Law firms and insurance companies sometimes use accident reconstruction to rebuild a crash to determine what happened. Accident reconstruction experts use an accident scene survey, physical evidence, and other available clues to reconstruct the crash. This helps them determine the factors that contributed to causing it.
Like accident reconstruction, forensic analysis uses a wide range of evidence to determine what caused the crash. This could include everything from skid marks on the road to the injuries suffered by each party. This allows your legal team to compile a list of possibilities about what likely caused the crash.
For insurance companies and attorneys, the police report is also key evidence. It often includes details that are unavailable by the time they begin their investigations. The responding officers have an advantage because they were on the scene when the vehicles were still there, skid marks had not been washed away, and the events were fresh on the minds of witnesses.
When the accident leads to catastrophic injuries, these reports are often very detailed. They include measurements between the vehicles, the exact placement of each vehicle, and even pictures and diagrams.
Why Does It Matter Who Hit Who in a Crash?
When seeking fair compensation for a collision, fault matters. Most states follow a fault-based system for pursuing and securing a payout after a crash. This requires the victim to show the other driver’s negligence caused the collision, and they are, therefore, legally responsible for the damages that occurred.
When a driver is negligent, they:
- Owe a duty of care to the victim
- Breach that duty of care by acting with negligence
- Cause a collision because of their breach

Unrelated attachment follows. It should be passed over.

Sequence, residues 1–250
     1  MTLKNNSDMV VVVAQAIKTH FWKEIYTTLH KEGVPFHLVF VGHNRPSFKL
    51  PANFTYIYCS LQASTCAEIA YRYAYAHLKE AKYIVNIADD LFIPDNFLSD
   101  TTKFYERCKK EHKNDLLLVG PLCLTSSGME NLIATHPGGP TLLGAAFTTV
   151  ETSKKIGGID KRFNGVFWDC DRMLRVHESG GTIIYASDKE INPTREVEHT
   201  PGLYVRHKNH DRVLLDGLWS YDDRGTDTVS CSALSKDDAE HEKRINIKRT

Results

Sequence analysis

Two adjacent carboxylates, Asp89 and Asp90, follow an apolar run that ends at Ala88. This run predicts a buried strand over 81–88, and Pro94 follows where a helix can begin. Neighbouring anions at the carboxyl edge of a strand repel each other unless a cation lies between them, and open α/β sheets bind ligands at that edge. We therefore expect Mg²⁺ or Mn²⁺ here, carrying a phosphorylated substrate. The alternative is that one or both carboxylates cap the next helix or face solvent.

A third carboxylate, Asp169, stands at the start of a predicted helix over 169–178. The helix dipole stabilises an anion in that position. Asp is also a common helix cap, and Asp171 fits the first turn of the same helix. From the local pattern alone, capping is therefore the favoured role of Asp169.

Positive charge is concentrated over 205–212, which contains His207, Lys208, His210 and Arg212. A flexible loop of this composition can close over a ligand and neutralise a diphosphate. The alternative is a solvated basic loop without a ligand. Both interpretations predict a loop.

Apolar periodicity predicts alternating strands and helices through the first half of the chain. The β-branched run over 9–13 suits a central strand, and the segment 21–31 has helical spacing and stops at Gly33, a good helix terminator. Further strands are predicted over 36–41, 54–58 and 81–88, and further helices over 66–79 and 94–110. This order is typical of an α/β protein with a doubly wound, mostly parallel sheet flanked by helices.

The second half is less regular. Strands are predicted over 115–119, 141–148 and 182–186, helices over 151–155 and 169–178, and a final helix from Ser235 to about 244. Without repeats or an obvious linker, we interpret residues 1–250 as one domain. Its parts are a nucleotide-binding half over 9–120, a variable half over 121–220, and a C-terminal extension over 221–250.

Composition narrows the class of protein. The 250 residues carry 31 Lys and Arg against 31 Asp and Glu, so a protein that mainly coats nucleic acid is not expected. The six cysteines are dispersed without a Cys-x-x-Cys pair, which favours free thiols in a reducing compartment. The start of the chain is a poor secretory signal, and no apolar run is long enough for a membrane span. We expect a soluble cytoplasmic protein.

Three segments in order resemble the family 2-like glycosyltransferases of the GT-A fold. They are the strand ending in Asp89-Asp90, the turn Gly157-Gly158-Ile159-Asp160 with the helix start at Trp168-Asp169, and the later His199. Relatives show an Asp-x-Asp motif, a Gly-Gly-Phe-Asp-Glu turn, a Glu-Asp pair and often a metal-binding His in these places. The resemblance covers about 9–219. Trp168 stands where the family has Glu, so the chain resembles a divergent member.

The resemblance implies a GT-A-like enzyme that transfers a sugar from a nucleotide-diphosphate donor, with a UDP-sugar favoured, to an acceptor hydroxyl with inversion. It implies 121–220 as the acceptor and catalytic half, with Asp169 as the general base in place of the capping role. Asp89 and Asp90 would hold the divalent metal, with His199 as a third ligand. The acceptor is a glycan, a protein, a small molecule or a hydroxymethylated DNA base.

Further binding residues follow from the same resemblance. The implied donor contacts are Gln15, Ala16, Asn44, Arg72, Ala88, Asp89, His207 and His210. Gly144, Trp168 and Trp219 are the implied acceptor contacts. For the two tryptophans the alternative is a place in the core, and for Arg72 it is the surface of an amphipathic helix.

- Cause the damages the victim suffered
Drivers owe one another a duty of care to drive safely and obey all traffic laws. For example, a driver has a duty of care to stop driving when a traffic light turns red, avoid speeding, and abstain from drunk driving. If a driver gets behind the wheel while they are drunk, this is a display of negligence.
If you were injured because of another party’s negligence, you have a right to file an insurance claim or personal injury lawsuit against them. You may be able to recover compensation if you provide evidence to show the other driver hit you and caused the crash.
What if Your State Requires No-Fault Insurance?
In some states, the laws require drivers to carry no-fault insurance or personal injury protection (PIP) coverage. This policy covers some basic damages the policyholder suffers in a crash regardless of fault. In these claims, who hit who does not matter.
However, PIP policies generally only pay for basic damages. This includes medical treatment up to policy limits, a portion of lost income, and some related expenses. Your insurance carrier will likely deny expenses above the policy limits and will not cover non-economic damages.
You Could Pursue a Fault-Based Claim After a Car Accident